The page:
where p preceding a variable designates − log of that variable [39]. It should be mentioned that for the derivation of Eq. (22) from Eq. (21), the relation of \( pf_{D} = 4pf_{M} \) is used according to Eqs. (17, 18). It is assumed that only CaCO3 is precipitated during this process and precipitation of CaCO3 results in a reduction of [Ca2+] and other species except H+ and HO (because the calculations are performed at the specified pH values) in the solution. Therefore, in this work for precipitation amount calculations, at first the calculated [Ca2+] is denoted as \( {\text{Ca}}_{0}^{2 + } \), then if pH—pHs > 0.1 (the precision of pH meter), the new compositions are estimated as:
$$ \left[ {{\text{Ca}}^{2 + } } \right] = \left[ {{\text{Ca}}^{2 + } } \right]\left( {1 - \varepsilon } \right) $$
(23)
$$ \left[ {{\text{CO}}_{3}^{2 - } } \right] = \left[ {{\text{CO}}_{3}^{2 - } } \right] - \left[ {{\text{Ca}}^{2 + } } \right]\varepsilon $$
(24)
$$ \left[ {{\text{CaOH}}^{ + } } \right] = \frac{{\left[ {{\text{HO}}^{ - } } \right]}}{{K_{\text{CaOH}} }}\left[ {{\text{Ca}}^{2 + } } \right]f_{D} $$
(25)
$$ \left[ {{\text{HCO}}_{3}^{ - } } \right] = \left[ {{\text{CO}}_{3}^{2 - } } \right]f_{D} \frac{{\left[ {{\text{H}}^{ + } } \right]}}{{K_{2} }} $$
(26)
$$ \left[ {{\text{H}}_{2} {\text{CO}}_{3} } \right] = \left[ {{\text{H}}^{ + } } \right]\left[ {{\text{HCO}}_{3}^{ - } } \right]\frac{{f_{M}^{2} }}{{K_{1} }} $$
(27)
$$ \left[ {{\text{CaCO}}_{3}^{0} } \right] = K_{2} f_{D} \frac{{\left[ {{\text{Ca}}^{2 + } } \right]\left[ {{\text{HCO}}_{3}^{ - } } \right]}}{{K_{{{\text{CaCO}}_{3} }} \left[ {{\text{H}}^{ + } } \right]}} $$
(28)
where infinitesimal conversion of dissolved [Ca2+] to precipitated [CaCO3] is assumed as \( \varepsilon = 10^{ - 4} \). It is noteworthy that during the calculation the condition of \( \left[ {{\text{CO}}_{3}^{2 - } } \right] - \left[ {{\text{Ca}}^{2 + } } \right]\varepsilon \ge 0 \) should be satisfied. The theoretical precipitation amount at each pH in mol/L will be
$$ {\text{Prec}} = {\text{Ca}}_{0}^{2 + } - {\text{Ca}}^{2 + } $$
(29)
The calculation of precipitated amount is started at initial high pH and continued for next lower pH values by replacing \( T_{{{\text{Ca}},i}} = T_{{{\text{Ca}},i - 1}} - {\text{Prec}}_{i} ; \) where i is related to descending pH values and the final theoretical precipitation amount is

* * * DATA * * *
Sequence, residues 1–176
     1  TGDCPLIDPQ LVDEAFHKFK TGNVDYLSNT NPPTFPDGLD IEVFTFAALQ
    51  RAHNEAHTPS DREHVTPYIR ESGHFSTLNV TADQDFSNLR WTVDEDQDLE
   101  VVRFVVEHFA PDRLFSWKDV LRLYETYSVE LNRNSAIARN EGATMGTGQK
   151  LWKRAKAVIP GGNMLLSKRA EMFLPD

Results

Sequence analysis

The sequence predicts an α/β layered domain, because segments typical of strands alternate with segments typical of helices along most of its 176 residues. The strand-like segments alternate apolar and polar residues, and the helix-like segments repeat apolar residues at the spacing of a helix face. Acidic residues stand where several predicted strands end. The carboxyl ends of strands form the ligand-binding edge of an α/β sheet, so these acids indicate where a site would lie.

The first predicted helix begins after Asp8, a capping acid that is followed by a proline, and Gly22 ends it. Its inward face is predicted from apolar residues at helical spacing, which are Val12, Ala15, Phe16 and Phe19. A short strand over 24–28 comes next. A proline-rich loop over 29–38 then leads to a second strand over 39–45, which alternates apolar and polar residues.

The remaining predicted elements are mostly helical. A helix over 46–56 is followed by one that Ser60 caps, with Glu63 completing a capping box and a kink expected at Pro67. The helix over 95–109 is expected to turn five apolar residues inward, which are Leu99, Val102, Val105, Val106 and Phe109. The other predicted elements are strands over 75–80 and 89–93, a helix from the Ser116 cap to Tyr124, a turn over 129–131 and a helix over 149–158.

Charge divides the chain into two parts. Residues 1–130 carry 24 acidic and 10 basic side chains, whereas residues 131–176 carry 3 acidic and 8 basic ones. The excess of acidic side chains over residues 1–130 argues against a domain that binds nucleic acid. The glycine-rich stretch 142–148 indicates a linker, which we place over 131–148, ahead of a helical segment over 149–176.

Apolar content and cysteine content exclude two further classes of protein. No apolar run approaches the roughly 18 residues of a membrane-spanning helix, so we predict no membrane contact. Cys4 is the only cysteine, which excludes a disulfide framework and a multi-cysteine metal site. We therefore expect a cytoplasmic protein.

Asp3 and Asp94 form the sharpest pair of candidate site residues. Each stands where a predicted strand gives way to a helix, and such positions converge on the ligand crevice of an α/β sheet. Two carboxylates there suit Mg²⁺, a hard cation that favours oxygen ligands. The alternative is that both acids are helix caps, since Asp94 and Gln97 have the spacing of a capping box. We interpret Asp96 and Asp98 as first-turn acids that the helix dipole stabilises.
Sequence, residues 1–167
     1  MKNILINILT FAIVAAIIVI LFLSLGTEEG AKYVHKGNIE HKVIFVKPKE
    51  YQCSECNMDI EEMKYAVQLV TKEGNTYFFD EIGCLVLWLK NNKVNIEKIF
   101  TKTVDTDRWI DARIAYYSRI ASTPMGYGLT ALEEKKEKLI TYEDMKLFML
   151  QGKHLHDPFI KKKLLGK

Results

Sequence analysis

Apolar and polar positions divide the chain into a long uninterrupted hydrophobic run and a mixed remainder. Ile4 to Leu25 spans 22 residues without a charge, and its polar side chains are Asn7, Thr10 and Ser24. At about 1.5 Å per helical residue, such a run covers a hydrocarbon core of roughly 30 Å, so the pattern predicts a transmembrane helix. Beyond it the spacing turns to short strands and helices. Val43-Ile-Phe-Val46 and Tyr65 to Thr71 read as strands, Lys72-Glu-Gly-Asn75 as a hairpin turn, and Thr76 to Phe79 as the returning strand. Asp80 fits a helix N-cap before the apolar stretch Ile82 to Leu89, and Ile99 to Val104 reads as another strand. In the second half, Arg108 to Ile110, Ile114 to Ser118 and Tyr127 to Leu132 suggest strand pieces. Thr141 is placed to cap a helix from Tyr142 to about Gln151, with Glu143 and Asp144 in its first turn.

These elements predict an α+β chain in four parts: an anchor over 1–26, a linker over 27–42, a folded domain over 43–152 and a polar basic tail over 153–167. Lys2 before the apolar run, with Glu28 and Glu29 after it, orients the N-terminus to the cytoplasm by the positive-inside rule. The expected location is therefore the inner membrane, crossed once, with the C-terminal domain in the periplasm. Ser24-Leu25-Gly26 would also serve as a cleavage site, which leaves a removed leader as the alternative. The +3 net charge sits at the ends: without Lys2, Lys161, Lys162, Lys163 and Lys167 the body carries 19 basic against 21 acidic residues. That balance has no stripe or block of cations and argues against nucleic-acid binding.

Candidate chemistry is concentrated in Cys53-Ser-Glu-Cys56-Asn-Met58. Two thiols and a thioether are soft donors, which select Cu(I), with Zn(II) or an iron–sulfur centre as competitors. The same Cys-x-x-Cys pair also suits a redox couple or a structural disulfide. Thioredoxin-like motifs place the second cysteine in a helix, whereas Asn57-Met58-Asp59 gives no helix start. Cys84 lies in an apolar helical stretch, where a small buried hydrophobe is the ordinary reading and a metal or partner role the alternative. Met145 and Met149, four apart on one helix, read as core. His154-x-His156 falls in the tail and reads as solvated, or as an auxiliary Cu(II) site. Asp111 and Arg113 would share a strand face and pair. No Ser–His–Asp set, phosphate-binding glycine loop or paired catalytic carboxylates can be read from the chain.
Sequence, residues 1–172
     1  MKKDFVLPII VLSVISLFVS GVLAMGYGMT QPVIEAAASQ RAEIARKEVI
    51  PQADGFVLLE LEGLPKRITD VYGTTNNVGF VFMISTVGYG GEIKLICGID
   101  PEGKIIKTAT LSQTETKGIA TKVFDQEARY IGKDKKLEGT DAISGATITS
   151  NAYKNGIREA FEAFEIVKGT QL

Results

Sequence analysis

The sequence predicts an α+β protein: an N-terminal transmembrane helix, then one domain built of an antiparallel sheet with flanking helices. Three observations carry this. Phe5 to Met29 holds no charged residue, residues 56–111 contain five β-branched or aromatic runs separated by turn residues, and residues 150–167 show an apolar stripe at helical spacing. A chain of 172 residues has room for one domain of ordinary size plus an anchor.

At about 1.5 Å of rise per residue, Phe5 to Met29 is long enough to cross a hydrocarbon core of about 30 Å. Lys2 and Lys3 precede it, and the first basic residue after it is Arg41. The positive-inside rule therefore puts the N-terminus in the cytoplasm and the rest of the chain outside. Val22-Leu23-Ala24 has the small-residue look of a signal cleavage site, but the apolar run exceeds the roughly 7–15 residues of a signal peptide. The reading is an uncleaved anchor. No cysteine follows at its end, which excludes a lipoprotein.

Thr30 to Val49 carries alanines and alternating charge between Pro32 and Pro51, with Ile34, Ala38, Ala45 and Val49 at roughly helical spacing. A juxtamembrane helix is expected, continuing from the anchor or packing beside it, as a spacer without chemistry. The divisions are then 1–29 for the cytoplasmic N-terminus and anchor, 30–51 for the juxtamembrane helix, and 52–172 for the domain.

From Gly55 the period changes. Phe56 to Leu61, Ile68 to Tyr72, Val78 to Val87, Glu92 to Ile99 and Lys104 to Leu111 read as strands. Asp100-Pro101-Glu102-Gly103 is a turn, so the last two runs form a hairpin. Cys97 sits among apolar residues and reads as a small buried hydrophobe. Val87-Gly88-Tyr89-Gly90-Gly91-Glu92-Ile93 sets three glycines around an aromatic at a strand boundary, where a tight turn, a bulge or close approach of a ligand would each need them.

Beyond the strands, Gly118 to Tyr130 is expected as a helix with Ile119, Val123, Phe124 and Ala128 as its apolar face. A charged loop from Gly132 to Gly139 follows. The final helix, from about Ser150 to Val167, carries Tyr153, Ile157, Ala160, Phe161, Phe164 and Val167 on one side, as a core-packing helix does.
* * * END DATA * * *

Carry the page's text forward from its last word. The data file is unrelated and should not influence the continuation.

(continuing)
$$ m_{\text{prec}} = VM_{{w \cdot \,{\text{CaCO}}_{3} }} \sum\limits_{i} {{\text{Prec}}_{i} } $$
(30)
where V is the volume of suspension and Mw∙CaCO3 is the molecular weight of calcium carbonate. In this work, the related MATLAB program is written to perform the above-mentioned algorithms.

RTD model for the recycled batch system

A schematic setup to establish the model for RTD of the recycled batch system is presented in Fig. 3. Without loss of generality, it is assumed that the volume of pipes is negligible and a vessel with the capacity of V [L] represents the lumped volume of the system and v [L/min] of pure water is recycled to the system. At t = 0, M [mol] of a tracer like KCl is introduced at the entrance of the vessel. The vessel is not perfectly mixed and the solution has a concentration gradient. However, the mean concentration of the tracer in the vessel (a time-dependent value) is denoted by C(t). Since the volume of pipes is negligible, all the output tracer at time t will be instantly added to input flow (not to vessel, the tracer will enter the vessel during \( \tau \)) and the mass balance on the vessel can be expressed as:
$$ V\frac{{{\text{d}}C}}{{{\text{d}}t}} = \frac{vM}{V} $$
(31)
By defining \( \tau = \frac{V}{v} \) and \( C_{0} = \frac{M}{V} \) and integration on time for 0 to t that matches to concentration 0 to C, the relation of C(t) can be obtained as:
$$ F(t) = \frac{C(t)}{{C_{0} }} = \frac{t}{\tau } $$
(32)
The relation for RTD can be expressed as:
$$ E = \frac{{{\text{d}}F}}{{{\text{d}}t}} = \frac{1}{\tau } $$
(33)
Fig. 3

Schematic setup for RTD model

Results and discussion